Branching Factor

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A red-black tree with branching factor 2 [1]

In computing, tree data structures, and game theory, the Branching Factor is the number of children at each node, the outdegree. If this value is not uniform, an average branching factor can be calculated [2].

Average Branching Factor

In chess, in average there are about 35-38 moves per position. One additional cycle of growth expands each leaf so far accordantly. This is called the average branching factor of the game tree.

Effective Branching Factor

The effective branching factor (EBF), related to iterative deepening of depth-first search, is conventionally defined as average ratio of nodes (or time used) revisited of the current iteration N versus the previous iteration N-1 [3].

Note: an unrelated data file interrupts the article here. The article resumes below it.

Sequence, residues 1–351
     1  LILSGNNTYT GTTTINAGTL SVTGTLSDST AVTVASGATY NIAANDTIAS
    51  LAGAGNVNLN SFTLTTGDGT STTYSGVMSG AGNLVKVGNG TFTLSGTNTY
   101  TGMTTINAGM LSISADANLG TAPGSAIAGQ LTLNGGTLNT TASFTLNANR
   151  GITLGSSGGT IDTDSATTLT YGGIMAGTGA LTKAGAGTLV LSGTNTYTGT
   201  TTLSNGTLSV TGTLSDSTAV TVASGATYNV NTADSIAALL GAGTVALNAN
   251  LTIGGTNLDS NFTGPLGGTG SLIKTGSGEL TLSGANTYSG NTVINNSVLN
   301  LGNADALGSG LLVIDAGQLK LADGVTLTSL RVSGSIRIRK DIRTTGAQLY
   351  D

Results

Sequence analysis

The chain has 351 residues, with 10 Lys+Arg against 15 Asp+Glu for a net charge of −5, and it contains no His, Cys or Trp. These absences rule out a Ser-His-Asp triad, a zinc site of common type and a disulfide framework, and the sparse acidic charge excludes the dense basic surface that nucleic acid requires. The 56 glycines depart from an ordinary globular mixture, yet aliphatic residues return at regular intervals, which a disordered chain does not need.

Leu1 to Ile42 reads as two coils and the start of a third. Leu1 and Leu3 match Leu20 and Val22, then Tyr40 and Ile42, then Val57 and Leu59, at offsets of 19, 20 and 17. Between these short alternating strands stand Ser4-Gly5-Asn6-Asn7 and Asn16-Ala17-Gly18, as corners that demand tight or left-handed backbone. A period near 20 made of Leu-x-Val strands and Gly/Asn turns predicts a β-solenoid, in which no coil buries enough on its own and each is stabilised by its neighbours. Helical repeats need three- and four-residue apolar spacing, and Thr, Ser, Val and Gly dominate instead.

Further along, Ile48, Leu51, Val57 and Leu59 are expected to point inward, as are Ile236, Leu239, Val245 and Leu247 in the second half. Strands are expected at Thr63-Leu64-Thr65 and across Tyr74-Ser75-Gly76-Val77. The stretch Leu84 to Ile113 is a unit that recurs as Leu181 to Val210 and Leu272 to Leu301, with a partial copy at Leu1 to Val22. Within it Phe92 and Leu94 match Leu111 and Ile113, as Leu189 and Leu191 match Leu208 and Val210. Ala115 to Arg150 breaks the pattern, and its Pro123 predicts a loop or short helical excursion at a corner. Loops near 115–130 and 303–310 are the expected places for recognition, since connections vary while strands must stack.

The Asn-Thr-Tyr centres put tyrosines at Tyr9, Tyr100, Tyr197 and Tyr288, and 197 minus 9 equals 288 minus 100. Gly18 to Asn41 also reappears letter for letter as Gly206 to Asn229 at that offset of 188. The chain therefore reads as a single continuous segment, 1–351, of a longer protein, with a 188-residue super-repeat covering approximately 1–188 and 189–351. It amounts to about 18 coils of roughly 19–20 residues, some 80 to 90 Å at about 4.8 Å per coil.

EBF(N-1) ::= nodes(N-1) / nodes(N-2)
EBF(N)   ::= nodes(N)   / nodes(N-1)

Due to the odd-even effect of Alpha-Beta as described by Michael Levin's Theorem, this is lower if 'N' is even, and higher if 'N' is odd. Due to extensions, reductions and various pruning techniques, this odd-even effect is diminishing accordantly. One may also use the square root of the ratio of two odd or even iterations.

EBF ::= √(nodes(N) / nodes(N-2));

However, with all kind of extensions, reductions, and forward pruning applied to the tree, it is not at all clear that the average branch is searched precisely one ply deeper at iteration N+1 than at iteration N, which makes such an effective branching factor quite useless to compare between programs [7], despite some programs even perform ID depth increments of fractions of one ply.

Mean Branching Factor

Steven Edwards made following reasonable proposal of a Mean Branching Factor [8]:

MBF ::= count of all nodes / count of non terminal nodes


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